‘Once bitten, twice shy’ – a popular axiom
The welcome news
The news that the Government of Ghana (GoG) and the Ghana National Petroleum Corporation (GNPC) have plans of insuring their interests in the petroleum sector against future uncertainties was sweet music to my ears!
According to the Graphic Business issue of September 12-18, 2017, the two have plans to insure the Tweneboa-Enyera-Ntomme (TEN) field with an insurance policy at a premium of US$6.8 million
The GNPC’s motivation to take this decision is not far-fetched as its Jubilee partners, Kosmos Energy, Tullow Oil and Anadarko were paid substantial claims from the business interruption policy they had, prior to the drop in production for the period due to a faulty turret bearing on the FPSO Kwame Nkrumah some time last year.
It is obvious that the GNPC has learnt its lessons from the positive experiences of its partners, as well as its own negative experience of NOT having a similar insurance policy based on an erroneous assumption that its partners’ Business Interruption Policy (BIP) covered them (i.e. the GNPC) as well.
The loss of a whopping US$220million as a result was a source of concern; thus, culminating into the decision to provide a BIP. (Graphic Business September 12-18, 2017).
Indeed the decision to table this before the Parliament’s Select Committee on Mines and Energy by the GNPC officials could not have come at a more appropriate time as Ghana’s discovery of oil is exactly 10 years ago!
It is important to state that insurance policies for the oil fields have only five per cent of the risk being insured in Ghana. This may be worrisome as the greater portion of the risks sent outside the country is in mainly reinsurance.
With this good news, it is my expectation that a chunk of the insurance cover will remain in Ghana.
10 years after oil discovery
A decade ago, Ghana discovered crude oil in commercial quantities. Amid the excitement that came with it were those who predicted the possibility of the Dutch Disease infecting the nation, especially to the detriment of the agricultural sector.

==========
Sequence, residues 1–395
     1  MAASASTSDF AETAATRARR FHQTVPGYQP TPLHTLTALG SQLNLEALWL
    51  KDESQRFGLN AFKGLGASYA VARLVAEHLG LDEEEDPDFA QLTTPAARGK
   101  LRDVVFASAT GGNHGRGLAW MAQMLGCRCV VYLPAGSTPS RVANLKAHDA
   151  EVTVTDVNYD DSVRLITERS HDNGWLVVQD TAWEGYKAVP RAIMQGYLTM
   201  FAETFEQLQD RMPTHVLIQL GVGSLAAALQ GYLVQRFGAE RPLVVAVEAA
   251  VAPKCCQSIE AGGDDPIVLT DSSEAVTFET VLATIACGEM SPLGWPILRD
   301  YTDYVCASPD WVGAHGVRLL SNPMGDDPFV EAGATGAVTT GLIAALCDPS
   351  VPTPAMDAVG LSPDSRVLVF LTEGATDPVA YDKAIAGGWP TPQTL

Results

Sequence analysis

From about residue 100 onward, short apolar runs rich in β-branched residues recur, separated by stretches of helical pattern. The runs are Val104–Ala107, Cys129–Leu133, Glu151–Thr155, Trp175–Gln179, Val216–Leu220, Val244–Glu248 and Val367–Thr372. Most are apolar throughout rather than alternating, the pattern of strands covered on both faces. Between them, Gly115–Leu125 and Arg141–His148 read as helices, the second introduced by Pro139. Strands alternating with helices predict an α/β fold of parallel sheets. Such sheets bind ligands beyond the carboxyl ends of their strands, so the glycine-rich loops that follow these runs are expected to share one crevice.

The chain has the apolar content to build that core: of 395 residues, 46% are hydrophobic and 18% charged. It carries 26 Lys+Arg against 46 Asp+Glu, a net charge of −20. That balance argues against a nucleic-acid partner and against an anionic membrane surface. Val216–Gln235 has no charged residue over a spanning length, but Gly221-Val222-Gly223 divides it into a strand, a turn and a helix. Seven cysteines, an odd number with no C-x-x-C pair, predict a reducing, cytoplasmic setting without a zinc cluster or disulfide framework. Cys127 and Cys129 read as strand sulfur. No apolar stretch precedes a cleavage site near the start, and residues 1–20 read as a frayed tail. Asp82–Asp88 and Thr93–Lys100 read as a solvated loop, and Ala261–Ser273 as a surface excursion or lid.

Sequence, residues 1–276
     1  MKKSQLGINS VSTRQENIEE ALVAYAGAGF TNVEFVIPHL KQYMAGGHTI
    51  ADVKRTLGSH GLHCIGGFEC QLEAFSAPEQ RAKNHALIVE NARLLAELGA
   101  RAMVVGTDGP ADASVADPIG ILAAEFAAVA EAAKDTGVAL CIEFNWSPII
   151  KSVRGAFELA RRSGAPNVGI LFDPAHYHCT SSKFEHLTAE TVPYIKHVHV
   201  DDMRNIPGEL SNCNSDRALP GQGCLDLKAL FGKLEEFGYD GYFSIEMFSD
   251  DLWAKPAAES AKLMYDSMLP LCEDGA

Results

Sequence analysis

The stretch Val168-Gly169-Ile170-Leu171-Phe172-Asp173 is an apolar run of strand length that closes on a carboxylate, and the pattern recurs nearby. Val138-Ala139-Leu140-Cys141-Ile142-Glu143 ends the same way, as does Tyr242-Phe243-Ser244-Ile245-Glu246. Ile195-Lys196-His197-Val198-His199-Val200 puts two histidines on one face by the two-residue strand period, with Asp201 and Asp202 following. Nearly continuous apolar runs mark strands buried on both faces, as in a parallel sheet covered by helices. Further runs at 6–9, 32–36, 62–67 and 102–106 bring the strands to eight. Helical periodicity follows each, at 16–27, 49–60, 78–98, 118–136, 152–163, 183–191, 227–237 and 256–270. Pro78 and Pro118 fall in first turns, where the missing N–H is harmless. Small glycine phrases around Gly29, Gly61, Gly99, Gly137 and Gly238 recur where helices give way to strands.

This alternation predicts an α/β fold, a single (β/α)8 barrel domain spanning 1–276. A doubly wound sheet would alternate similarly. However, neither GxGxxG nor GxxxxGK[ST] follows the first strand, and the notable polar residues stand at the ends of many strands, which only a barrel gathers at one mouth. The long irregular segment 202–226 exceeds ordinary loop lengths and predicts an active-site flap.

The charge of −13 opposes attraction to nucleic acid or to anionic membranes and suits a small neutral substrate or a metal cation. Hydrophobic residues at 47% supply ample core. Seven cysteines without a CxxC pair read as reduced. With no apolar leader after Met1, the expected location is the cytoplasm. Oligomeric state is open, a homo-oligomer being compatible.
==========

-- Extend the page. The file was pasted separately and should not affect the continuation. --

Oil discovery by any country is indeed a joyous moment as it is believed that the oil find will propel the country into an exponential economic growth.
Though seen as good omen, it comes with its attendant risks that require well-established insurance underwriters to manage. It also walks hand-in-hand with its huge financial outlays in the area of infrastructural developments such as the construction of rigs, uninterrupted business flow, the digging of wells and office complexes which require several forms of insurance.
Oil and Gas Insurance
Oil and gas insurance covers a broad spectrum of insurances that constitutes basically various insurance policies targeted at the oil and gas sector of the economy.
Its purpose is to provide adequate insurance coverage for every phase of the oil exploration process from discovery through to the extraction of the oil, including a possible period of breakdown!
A mixed bag of oil and gas insurance
At the exploration phase, the oil explorer is expected to lease a block for drilling. Such operators would require a Public Liability insurance policy to cover their obligations at law as contained in the lease agreement and any other regulatory permits.
They will also require other insurance policies such as group personal accident, fire and allied perils, employers’ liability, motor insurance, and any other policies needed for their operation.
Since most oil exploration activities are conducted off-shore (or at high seas), most policies targeted for this sector require special wordings to take cognisance of the delicate nature of operation.